Here's where I honestly say that I'm thinking of taking a blogging break of a few weeks - not sure if I'll do it yet, we'll see. I've been working so hard that I got sick, even though the hours I work are still far less insane than - well, than most Taiwanese with office jobs. Blogging has fallen by the wayside, which you might have noticed as I've been opening almost every post with "sorry" or "need to blog more often" or "so much to say, no time" or "I'm really tired / have a headache".
And then this comes along, including an editorial here and some stats here in the China Post which I normally never read (can't stand the thing), complete with comments on "leftover women" and the resulting hate from both sides, and I know I should be blogging on it, but all I can summon over the whole thing is a resounding "WTF". And while occasionally "WTF" makes a perfectly acceptable blog post, I would normally want to do more with this story than leave it there.
That's when I realize I'm dropping a ball that, maybe, I have no business for the time being of carrying. I've got, to put it in the filthiest terms possible, enough balls it seems.
So, we'll see. I may or may not blog again for the rest of this week and next and see how I feel, and if I need more time off.
For what it's worth, I'll do my halfhearted best here.
As for the person who originally made the "leftover women" comments, Zhang Xiaofeng (張曉風, or Chang Show-foong or however you want to spell it) - she just makes me sad. We hear enough of this bullshit from men - it's really not OK for a woman to be attacking other women in this way. I'm used to hearing sexist crap from guys. I mean, I'm from the USA after all, and while we may seem to lead the world in progressivism, the vicious bile spewed by so many American men - hate speech really - and the recent contraception debate have really put that into question. It's sad when an American woman, who ostensibly comes from one of the most egalitarian countries on Earth, feels that she hears more of this crap from her own country than from less progressive and egalitarian places.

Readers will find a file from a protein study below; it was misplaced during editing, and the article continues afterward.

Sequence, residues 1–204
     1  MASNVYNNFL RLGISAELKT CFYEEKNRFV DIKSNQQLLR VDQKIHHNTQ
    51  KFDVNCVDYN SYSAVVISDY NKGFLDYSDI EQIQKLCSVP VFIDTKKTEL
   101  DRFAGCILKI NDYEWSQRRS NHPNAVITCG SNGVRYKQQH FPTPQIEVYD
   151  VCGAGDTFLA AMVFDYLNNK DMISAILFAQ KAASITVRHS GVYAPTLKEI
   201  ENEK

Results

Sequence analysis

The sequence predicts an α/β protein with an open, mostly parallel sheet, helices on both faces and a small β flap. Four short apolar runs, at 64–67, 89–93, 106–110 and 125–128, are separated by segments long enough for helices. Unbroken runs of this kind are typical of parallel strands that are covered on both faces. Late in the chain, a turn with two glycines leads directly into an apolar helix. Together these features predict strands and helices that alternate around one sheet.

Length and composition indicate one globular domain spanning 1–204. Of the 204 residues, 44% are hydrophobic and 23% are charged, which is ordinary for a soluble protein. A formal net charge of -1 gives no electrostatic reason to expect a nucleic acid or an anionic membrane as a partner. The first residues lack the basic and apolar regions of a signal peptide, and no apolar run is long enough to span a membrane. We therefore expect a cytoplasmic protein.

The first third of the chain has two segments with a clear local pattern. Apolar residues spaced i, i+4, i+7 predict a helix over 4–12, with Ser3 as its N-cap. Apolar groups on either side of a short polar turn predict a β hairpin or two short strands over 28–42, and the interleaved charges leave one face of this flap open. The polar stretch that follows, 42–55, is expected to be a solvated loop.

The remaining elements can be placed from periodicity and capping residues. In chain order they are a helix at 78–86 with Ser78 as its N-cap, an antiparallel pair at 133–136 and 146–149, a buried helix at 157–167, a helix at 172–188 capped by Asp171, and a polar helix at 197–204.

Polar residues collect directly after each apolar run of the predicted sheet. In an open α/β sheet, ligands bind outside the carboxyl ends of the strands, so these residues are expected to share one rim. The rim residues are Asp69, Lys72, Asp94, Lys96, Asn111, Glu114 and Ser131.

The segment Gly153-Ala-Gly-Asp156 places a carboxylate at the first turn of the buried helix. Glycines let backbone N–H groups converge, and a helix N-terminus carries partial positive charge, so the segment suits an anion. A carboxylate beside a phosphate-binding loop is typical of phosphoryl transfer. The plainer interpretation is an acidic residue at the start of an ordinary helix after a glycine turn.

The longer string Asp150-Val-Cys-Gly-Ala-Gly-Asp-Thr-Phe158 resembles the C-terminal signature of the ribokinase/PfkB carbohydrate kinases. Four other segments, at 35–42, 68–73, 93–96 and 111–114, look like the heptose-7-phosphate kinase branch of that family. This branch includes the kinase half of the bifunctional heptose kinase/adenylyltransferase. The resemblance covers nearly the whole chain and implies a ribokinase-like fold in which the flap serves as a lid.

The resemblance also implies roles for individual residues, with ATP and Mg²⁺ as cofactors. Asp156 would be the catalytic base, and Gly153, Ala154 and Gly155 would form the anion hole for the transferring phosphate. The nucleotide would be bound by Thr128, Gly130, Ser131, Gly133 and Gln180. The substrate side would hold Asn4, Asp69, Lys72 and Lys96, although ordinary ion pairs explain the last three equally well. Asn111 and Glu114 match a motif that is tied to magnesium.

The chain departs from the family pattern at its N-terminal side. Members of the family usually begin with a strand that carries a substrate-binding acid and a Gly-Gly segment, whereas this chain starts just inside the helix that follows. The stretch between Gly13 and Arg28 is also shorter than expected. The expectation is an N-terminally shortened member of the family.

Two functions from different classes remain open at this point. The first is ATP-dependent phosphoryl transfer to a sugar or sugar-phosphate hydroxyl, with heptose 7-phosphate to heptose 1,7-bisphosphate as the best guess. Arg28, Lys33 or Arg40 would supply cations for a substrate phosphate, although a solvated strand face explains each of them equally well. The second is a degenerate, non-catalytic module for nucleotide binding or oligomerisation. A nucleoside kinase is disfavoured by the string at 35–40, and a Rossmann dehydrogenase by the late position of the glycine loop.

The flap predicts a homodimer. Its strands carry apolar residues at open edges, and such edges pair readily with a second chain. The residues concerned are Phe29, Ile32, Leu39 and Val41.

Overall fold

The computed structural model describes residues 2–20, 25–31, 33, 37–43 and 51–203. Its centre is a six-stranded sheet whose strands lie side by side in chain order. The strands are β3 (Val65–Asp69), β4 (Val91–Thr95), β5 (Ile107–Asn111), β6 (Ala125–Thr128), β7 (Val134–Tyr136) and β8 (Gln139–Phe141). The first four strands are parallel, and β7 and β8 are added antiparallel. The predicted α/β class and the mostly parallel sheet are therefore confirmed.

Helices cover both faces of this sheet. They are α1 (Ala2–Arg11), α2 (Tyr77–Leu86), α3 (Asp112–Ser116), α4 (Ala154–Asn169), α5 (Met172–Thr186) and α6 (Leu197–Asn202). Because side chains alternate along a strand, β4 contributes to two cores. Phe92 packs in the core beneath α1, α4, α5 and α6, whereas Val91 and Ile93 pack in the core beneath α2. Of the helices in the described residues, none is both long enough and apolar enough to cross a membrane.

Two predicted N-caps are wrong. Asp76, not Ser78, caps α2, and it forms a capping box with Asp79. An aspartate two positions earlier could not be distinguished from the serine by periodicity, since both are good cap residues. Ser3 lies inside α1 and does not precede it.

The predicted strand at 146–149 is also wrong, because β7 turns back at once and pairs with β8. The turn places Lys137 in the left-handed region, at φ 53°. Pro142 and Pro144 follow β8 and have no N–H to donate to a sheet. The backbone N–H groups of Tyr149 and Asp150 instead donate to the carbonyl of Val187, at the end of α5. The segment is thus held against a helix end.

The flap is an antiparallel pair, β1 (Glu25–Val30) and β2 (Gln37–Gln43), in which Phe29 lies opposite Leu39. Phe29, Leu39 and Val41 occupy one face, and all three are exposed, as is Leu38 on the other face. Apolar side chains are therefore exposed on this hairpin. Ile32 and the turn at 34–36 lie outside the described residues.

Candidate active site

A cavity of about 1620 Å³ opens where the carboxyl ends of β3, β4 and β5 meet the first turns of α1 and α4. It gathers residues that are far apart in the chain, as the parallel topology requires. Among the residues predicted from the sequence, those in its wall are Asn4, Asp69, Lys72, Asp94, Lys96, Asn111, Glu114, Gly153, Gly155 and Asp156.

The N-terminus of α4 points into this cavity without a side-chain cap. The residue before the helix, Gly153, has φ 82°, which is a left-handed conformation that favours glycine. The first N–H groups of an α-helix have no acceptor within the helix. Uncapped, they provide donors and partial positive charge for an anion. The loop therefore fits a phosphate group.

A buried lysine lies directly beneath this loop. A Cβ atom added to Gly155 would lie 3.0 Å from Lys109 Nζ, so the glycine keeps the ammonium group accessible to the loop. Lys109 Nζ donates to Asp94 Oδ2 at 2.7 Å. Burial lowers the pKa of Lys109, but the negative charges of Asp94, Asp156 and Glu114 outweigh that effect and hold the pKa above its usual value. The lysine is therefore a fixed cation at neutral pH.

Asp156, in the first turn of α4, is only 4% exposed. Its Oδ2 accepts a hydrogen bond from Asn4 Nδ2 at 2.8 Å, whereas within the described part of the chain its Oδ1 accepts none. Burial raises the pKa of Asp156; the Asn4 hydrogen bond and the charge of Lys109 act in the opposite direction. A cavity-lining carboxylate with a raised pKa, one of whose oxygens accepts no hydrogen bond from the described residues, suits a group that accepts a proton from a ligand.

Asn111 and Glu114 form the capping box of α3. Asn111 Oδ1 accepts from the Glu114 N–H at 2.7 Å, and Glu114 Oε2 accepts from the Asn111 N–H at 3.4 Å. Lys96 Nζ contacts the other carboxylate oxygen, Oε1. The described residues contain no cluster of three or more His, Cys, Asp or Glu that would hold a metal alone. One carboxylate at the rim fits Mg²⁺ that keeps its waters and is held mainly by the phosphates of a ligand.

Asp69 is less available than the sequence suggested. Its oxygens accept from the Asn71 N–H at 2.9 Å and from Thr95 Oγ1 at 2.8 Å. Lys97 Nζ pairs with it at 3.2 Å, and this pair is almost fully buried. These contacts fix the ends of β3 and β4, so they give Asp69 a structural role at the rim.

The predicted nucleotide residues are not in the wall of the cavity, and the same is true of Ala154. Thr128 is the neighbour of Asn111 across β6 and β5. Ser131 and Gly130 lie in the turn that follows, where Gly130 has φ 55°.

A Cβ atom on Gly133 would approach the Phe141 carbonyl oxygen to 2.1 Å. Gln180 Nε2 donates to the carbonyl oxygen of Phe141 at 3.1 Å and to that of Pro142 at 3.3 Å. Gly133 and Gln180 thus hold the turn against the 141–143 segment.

But when a woman makes comments that make it clear that being married is the only measure of value for adult women...that's just insane. Aren't we supposed to be in this together? Married or not? Rich or poor? Whatever our race or background? Can't we women all just please get together and agree that being married is not only not the sole measure of value of a woman, but not any measure of value whatsoever? Please, can all of womankind - and preferably all of humankind - please agree on this one simple thing, that it's OK to be female and not to marry?
What's sad in Taiwan is that I hear the opposite - that a woman's only worth is as a wife and mother - from women more than I do from men (although I am sure plenty of men secretly believe it). I hear it from this idiot Chang lady, from grandmas obasans and moms and aunties and frenemies. I don't hear it from men, although maybe they're just quiet around me. Back home, I hear it from men (and I tune them out as best I can).
As for the rest of it, I generally agree with the editorial linked above. First, she's just wrong about "leftover women" - the stats prove it. Second, the writer is absolutely right: even if some of the Taiwanese men who've married foreign women (and by "foreign" I mean "Chinese, Southeast Asian", not "white" - that still seems to be not very common) hadn't done so, that doesn't mean Taiwanese women would choose to marry them.
Of course, my problem is not with interracial marriage. I have no issue with that, and obviously this is regardless of where the two people come from. I am sure plenty of Taiwanese guy/SE Asian woman matches are actually marriages based on love and partnership.
I *do* have an issue with mail-order marriage: the problem isn't marrying foreigners per se. It's more the idea of picking a woman out of a catalogue and having her shipped over. It's sad to say that these marriages are almost always Taiwanese man/SE Asian or Chinese woman, but there you have it.
Since I, at a glance, can't necessarily tell the two apart, I generally try to give people the benefit of the doubt. I have my views, but in the end someone else's marriage is not my business.
And with those men - the ones who think "a wife is a cleaner and bed-warmer that I can pay to have sent here" - yeah, no, who would want to marry someone like that? The problem isn't foreigners, interracial marriage or whatever: it's sexism. It's the mail order bride industry, but more than that, it's the attitudes of the men who obtain such wives that make the mail-order bride industry viable. "I need a wife so I'm going to pay an agent to ship a woman over from Vietnam" is very, very different from "I love and want to marry this person who happens to be a foreigner". It is sexism, and it is an attitude problem, and I daresay it's with the men.
"Leftover women" remarks aside, Taiwan is still a place where, if you can avoid the occasional barb, you can choose not to marry (in that regard, it's not all that different from the USA) without too much of a problem. My impression, gained from observations from friends and students, is that Taiwanese women who don't marry either: